One of the buzzwords of the compiler community is automatic parallelisation -- taking sequential code and making it parallel to get better performance. However, this presupposes that it's easier to write sequential code. Instead, let's pretend we've got a language in which everything can be trivially written in a parallel fashion -- this means that to get reasonable performance, we now have to automatically decide which things can be done sequentially. This may well be an easier problem to solve.
A related problem is automatic buffering: relaxing CSP semantics in cases where we know it'll make no difference, in order to obtain better performance. A good example is a process which just generates a stream of data from its initial state; there is no reason why this can't be run on its own for many cycles and the output buffered, since it does not interact with the rest of the system. A more complex example is an audio processing system with a number of filter processes; if we have an upper bound for the total processing latency of the system, we could automatically compute buffering parameters to reduce context switch overhead. This gets more complex if your process graph contains cycles. It might be possible to tag channels as "deterministic" or "non-deterministic" to make the decision easier.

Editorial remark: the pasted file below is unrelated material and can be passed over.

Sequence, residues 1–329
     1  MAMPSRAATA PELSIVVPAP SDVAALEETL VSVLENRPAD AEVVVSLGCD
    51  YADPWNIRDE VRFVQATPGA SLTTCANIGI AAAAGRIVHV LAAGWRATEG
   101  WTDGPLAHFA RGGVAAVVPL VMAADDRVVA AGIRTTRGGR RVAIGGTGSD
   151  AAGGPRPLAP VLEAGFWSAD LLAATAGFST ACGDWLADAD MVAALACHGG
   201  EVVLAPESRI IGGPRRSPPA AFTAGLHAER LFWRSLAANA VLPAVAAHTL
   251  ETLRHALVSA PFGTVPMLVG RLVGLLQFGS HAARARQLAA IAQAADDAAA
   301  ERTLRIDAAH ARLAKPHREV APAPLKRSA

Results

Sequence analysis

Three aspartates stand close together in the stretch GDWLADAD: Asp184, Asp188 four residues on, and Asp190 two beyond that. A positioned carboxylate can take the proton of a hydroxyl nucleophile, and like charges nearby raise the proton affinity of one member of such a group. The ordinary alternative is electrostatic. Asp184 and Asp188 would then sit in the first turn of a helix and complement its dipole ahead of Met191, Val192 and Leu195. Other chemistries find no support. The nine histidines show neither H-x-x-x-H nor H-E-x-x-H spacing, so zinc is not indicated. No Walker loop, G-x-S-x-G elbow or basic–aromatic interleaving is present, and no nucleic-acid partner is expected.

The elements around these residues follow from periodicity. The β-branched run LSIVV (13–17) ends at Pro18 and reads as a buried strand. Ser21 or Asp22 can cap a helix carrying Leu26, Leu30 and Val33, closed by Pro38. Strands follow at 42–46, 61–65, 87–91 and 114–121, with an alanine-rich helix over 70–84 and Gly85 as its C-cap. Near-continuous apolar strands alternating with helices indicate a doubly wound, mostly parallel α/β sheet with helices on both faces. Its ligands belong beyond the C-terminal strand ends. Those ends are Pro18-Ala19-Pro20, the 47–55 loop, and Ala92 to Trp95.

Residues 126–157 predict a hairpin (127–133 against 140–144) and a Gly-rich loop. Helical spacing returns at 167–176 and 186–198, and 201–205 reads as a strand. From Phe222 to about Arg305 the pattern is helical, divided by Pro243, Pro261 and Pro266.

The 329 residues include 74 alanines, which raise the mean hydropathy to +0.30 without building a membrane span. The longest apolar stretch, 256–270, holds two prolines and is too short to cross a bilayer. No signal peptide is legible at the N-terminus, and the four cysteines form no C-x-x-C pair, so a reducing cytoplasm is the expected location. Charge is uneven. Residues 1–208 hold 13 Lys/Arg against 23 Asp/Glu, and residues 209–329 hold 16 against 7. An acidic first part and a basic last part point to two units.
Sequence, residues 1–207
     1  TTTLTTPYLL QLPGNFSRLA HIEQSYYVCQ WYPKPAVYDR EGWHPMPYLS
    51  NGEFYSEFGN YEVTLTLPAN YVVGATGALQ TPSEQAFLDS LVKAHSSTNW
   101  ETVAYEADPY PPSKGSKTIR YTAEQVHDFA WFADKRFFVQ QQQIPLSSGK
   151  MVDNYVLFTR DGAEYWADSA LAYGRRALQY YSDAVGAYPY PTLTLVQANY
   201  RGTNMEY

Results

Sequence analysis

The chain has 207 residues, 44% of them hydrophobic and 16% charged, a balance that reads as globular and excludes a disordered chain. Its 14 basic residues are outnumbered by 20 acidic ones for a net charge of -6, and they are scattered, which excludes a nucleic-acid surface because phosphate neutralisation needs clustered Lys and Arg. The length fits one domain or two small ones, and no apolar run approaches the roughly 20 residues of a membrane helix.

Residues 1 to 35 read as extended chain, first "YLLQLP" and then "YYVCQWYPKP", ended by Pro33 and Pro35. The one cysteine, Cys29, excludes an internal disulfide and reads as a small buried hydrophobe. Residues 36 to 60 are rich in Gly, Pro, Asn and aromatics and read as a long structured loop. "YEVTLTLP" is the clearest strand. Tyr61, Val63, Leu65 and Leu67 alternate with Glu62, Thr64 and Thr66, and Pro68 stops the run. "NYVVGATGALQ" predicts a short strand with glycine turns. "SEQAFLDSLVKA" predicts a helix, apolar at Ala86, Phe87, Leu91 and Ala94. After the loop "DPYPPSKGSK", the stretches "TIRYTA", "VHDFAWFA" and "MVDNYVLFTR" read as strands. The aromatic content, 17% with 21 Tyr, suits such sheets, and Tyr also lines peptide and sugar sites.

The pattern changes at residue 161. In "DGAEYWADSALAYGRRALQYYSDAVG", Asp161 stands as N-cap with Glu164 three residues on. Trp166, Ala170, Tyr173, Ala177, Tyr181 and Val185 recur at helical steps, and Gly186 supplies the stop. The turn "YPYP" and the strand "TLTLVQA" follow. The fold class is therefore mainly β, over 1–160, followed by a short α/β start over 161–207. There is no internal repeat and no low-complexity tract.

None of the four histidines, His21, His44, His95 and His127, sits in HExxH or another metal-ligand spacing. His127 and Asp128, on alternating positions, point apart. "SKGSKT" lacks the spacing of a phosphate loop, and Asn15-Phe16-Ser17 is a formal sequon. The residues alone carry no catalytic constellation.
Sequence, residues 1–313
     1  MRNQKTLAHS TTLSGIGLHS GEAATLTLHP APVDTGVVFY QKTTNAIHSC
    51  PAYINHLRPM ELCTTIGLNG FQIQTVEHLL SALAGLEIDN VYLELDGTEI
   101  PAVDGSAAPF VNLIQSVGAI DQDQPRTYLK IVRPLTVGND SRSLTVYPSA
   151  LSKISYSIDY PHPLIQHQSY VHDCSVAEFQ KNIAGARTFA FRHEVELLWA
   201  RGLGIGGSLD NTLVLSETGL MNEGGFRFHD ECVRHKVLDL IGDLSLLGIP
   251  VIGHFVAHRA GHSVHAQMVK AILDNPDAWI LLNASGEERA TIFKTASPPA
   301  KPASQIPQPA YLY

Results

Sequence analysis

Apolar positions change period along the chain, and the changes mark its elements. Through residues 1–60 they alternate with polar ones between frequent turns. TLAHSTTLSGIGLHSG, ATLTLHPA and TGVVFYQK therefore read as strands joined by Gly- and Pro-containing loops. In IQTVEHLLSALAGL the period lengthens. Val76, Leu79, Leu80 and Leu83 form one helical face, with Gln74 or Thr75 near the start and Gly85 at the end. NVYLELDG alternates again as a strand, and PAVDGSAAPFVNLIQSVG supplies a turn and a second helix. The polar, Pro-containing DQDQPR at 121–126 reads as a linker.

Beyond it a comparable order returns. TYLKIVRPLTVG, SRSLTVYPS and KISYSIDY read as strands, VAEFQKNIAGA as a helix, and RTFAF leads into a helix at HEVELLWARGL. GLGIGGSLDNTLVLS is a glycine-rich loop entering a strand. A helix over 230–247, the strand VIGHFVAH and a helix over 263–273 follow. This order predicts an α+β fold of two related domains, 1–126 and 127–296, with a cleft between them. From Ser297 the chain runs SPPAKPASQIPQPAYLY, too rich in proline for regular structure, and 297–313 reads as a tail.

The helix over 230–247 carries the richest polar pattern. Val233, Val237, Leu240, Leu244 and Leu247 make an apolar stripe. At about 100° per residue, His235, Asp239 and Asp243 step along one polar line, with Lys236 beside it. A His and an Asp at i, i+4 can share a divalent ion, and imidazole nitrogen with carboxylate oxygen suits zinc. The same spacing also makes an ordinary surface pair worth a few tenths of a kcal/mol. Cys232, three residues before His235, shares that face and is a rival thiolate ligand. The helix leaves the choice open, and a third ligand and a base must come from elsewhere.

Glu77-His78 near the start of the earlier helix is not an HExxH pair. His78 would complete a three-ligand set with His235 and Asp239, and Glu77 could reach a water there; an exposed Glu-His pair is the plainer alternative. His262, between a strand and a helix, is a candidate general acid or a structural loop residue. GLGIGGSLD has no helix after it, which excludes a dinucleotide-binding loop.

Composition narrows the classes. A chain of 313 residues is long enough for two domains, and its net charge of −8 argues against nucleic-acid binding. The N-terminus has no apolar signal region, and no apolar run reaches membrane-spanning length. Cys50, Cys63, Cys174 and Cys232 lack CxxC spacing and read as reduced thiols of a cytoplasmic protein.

A final optimisation would be to detect deterministic stream generator processes, run them at compile time, and just include their output as an array (provided it's not too long).